The English language also lets us reverse the process, i.e. use the word “logic” when, strictly speaking, we mean “reason.” Italicizing the word “logic,” here are two examples. The first is from Winston Churchill:
Logic is a poor guide compared to custom.
And the second is from American journalist Jonathan Alter:
Logic can convince, but only emotion can motivate.
It would be easy to find many other examples. Now it would be nice to think that the authors of these statements were very clear in their own minds about the different senses of “reason” and “logic” and vitally alive to the dangers of conflating them. However, given the state of Western intellectual culture, I believe that would be an unwarranted assumption. Both Gödel and Grayling may be guilty of doing something that the language doesn’t forbid and that human nature rather encourages, namely, mixing up the two together with the intellectually disastrous results that Lewis warned us about.
This is little or no harm in knowing many things implicitly (or unconsciously), but not explicitly (or consciously)—the meanings of most words for instance. There are some things, however, which it is very important to know both ways. I think the average person would see instantly that a fact, by itself, is neither logical nor illogical. He or she would readily agree that neither a real animal like a rhinoceros nor an imaginary one like a unicorn has anything to do with logic. Nor would it be necessary to laboriously explain the significance of such sentences as: ‘Accept my premises and I will lead you infallibly to my conclusions’ or ‘Logic: an unfair means sometimes used to win an argument.’ All this leads us to believe that most people implicitly know that the relations of logic to truth don’t depend on its perfection as logic, but on something that comes prior to logic. (However, trying to decide what name to give to the thing that comes before logic will probably be a very thorny business indeed.)
The trouble is that most people, including many highly educated ones, haven’t noticed that there is no logical link between the realm of external facts and the realm of mental relations; nor, as a consequence, have they grasped the implication that the only certainty that logic can give us is the certainty that a particular conclusion follows from particular premises. No less an authority than the famous logician and philosopher Bertrand Russell held that no collection of facts, or supposed facts, is either coherent or inconsistent, since no two facts can either imply or contradict each other except by virtue of some extralogical principle. In other words, we need principles beyond or outside logic! These are things that need to be emphatically brought to everyone’s attention by any serious form of liberal education.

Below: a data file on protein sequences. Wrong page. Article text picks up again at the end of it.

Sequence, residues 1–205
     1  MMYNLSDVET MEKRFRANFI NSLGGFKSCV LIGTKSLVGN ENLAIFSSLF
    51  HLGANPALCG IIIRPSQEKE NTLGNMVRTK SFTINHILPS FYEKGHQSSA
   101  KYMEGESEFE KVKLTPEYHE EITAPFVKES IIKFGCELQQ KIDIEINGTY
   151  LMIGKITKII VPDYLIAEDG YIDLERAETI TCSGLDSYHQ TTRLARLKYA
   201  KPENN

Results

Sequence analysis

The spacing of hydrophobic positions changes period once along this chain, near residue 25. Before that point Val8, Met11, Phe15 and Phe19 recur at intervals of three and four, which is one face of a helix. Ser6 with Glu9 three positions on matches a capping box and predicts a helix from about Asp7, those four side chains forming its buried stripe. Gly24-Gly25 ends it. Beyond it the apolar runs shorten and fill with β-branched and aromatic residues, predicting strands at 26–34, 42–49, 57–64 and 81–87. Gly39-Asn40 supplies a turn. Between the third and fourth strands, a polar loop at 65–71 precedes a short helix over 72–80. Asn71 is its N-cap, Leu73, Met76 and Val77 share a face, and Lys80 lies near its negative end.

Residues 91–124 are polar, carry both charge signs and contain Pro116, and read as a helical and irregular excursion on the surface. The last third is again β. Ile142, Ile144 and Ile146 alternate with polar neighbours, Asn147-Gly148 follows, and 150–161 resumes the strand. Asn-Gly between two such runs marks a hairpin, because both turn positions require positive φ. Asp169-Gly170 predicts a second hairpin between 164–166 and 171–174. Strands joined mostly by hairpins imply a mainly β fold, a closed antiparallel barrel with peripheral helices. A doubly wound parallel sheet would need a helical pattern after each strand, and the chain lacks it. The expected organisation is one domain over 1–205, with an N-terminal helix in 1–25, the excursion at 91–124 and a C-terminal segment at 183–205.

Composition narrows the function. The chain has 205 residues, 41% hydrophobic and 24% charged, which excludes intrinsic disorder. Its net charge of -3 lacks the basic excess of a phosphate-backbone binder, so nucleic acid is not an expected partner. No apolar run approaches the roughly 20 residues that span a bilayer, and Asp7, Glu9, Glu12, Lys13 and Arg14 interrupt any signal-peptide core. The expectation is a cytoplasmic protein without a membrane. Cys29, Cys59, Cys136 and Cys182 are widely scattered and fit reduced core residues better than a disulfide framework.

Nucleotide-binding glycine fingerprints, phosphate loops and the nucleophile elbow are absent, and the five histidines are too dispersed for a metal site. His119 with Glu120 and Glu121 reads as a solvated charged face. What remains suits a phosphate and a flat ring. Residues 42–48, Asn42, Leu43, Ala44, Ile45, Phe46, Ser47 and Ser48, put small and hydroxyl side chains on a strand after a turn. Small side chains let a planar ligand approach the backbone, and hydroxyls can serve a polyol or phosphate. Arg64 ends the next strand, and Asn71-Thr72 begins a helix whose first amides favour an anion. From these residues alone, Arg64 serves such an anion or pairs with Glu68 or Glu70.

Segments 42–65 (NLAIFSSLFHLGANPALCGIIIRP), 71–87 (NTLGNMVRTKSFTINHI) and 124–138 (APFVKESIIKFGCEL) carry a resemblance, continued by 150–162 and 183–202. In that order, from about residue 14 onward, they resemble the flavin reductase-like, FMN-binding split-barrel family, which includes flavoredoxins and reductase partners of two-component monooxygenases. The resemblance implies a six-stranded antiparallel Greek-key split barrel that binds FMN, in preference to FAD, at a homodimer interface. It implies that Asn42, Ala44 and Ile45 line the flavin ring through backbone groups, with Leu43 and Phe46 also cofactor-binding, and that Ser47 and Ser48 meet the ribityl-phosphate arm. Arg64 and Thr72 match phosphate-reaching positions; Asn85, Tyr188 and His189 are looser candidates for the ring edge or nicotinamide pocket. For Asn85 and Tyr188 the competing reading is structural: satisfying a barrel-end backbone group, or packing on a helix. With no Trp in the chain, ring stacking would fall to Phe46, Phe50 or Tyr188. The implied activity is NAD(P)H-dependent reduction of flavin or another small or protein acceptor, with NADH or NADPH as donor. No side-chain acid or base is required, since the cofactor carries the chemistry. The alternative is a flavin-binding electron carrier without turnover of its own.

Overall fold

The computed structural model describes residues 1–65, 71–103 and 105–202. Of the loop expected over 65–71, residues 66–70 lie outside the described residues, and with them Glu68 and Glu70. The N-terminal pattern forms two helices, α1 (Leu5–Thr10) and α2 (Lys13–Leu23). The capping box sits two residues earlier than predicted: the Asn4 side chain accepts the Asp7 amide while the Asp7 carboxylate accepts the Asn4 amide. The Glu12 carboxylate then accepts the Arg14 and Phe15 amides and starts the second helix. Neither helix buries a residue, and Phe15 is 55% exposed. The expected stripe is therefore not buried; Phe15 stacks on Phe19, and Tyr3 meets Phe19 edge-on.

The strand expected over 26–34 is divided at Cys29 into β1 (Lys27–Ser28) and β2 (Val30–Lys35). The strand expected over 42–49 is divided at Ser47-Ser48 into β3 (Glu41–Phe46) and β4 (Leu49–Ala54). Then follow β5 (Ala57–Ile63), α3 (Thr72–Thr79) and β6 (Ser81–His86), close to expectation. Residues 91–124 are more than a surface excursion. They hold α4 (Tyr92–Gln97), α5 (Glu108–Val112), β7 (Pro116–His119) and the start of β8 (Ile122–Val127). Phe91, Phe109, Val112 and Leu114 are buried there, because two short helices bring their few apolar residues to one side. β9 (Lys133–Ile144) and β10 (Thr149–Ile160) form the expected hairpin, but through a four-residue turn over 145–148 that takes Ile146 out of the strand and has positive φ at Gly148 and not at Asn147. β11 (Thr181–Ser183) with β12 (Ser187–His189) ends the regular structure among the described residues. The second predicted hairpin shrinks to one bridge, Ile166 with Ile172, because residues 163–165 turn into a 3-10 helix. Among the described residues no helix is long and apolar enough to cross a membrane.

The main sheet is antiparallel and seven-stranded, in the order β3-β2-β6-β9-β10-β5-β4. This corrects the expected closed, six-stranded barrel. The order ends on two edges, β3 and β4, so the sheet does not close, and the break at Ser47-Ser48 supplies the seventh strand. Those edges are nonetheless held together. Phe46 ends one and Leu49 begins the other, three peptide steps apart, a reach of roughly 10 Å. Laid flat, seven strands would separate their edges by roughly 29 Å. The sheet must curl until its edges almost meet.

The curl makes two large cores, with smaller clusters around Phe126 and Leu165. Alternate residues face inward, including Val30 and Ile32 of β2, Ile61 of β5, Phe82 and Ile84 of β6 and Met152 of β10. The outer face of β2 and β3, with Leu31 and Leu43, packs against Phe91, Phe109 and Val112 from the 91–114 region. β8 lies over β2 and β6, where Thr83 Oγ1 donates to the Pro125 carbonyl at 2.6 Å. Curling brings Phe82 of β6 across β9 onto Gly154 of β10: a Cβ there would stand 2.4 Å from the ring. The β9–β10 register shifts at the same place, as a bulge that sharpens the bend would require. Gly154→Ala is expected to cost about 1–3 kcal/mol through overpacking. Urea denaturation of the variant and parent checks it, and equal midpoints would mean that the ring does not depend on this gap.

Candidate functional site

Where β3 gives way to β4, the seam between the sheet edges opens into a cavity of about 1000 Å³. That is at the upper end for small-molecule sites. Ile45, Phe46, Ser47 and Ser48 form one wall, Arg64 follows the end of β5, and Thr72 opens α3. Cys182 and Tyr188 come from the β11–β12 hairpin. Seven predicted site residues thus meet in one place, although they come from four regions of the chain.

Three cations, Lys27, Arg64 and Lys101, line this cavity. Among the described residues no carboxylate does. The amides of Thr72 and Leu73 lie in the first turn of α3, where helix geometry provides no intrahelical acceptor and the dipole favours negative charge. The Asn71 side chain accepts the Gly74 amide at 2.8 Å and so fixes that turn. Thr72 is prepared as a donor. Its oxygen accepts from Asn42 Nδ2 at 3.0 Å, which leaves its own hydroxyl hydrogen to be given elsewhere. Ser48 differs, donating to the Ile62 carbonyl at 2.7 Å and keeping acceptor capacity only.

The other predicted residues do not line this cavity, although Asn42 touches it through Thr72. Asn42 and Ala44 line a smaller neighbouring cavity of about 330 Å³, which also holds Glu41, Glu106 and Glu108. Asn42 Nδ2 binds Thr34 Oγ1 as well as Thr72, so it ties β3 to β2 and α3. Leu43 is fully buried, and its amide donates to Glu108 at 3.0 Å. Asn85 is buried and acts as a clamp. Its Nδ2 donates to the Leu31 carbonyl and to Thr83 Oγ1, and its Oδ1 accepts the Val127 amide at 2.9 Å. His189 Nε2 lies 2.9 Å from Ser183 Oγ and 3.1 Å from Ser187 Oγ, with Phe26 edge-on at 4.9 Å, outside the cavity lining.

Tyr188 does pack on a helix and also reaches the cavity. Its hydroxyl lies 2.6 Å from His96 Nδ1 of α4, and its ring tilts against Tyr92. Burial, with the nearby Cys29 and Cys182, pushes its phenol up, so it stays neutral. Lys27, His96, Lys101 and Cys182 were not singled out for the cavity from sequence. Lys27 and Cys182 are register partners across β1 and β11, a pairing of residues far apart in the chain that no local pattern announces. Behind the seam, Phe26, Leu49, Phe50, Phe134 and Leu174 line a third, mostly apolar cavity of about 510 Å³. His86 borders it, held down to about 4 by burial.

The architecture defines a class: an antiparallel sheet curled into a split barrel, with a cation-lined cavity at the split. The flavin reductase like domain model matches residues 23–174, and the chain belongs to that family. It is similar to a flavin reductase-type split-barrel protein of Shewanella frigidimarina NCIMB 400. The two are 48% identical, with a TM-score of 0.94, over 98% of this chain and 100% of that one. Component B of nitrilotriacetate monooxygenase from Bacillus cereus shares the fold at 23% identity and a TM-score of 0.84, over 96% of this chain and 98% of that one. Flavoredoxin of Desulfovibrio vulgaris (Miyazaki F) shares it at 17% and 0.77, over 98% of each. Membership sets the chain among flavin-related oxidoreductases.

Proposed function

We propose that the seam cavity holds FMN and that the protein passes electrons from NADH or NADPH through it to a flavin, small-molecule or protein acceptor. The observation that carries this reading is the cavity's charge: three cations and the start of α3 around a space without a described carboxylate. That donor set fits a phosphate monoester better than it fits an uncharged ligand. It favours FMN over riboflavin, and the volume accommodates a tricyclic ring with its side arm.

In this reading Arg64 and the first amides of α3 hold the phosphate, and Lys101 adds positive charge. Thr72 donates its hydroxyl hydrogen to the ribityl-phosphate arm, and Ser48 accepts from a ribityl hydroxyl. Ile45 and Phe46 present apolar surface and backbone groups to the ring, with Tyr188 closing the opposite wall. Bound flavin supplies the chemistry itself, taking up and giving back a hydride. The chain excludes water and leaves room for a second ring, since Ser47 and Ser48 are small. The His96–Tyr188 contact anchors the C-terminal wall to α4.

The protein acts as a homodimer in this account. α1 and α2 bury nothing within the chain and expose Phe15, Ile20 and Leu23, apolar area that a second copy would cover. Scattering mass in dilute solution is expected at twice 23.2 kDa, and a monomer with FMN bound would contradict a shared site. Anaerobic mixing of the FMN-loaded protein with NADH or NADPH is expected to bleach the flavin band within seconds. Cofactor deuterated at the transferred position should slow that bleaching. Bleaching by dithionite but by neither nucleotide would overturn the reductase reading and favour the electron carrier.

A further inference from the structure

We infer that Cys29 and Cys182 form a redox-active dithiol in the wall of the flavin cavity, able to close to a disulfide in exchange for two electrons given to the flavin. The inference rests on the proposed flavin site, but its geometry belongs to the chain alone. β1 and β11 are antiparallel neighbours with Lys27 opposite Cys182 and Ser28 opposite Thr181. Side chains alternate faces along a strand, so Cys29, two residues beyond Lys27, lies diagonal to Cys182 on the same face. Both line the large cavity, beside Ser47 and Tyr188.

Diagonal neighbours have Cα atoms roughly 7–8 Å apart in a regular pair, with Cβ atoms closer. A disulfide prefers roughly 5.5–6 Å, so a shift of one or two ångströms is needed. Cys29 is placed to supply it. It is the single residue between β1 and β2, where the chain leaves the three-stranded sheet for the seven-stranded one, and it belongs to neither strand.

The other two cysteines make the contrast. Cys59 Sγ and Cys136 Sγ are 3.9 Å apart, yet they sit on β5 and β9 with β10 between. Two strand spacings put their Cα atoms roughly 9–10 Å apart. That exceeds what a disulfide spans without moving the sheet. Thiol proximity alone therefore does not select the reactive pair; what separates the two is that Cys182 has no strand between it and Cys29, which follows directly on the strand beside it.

Thus we come to the second of our two fundamental principles, henceforth referred to as The Philosophical Principle. It entails everything in the preceding paragraphs and then some:
Logic is infallible; reason, on the other hand, is not only fallible but error-prone.
The reason The Philosophical Principle is so controversial, as mentioned earlier, should now be clear: it implies a further and highly provocative principle. First, the short, mild version:
To try to establish by purely intellectual processes the truth of any particular philosophy is absolutely hopeless.
Now, the more rigourous and far-reaching version:
The attempt to prove (in the ordinary wide sense), to the satisfaction of every—the word ‘every’ is crucial here—honest, intelligent, well-informed person, the superiority of either the religious or the irreligious view of life is intellectually hopeless.
Note that it’s not merely hopeless because many people like their beliefs and opinions more than they like reason. It’s hopeless for purely intellectual reasons. If reason is error prone, then reason and truth will not always coincide. This is abundantly confirmed by our experience, which shows again and again that reason often leads to different or even opposite conclusions—even among those who hold the same world view.
Historically, almost no one has accepted either in theory or in practice this corollary of The Philosophical Principle. Many people still refuse to accept it. The attitude or subconscious reasoning responsible for their refusal seems to go something like this: My intellectual opponent seems to be honest, intelligent and well-informed, but since he holds a different world view from me or different opinions on politics and morals, that must mean there has been a failure of reason somewhere. However, I’m a strong advocate of the view that reason is the criterion by which to distinguish between true and false beliefs. It therefore follows that the failure can’t possibly be on my side!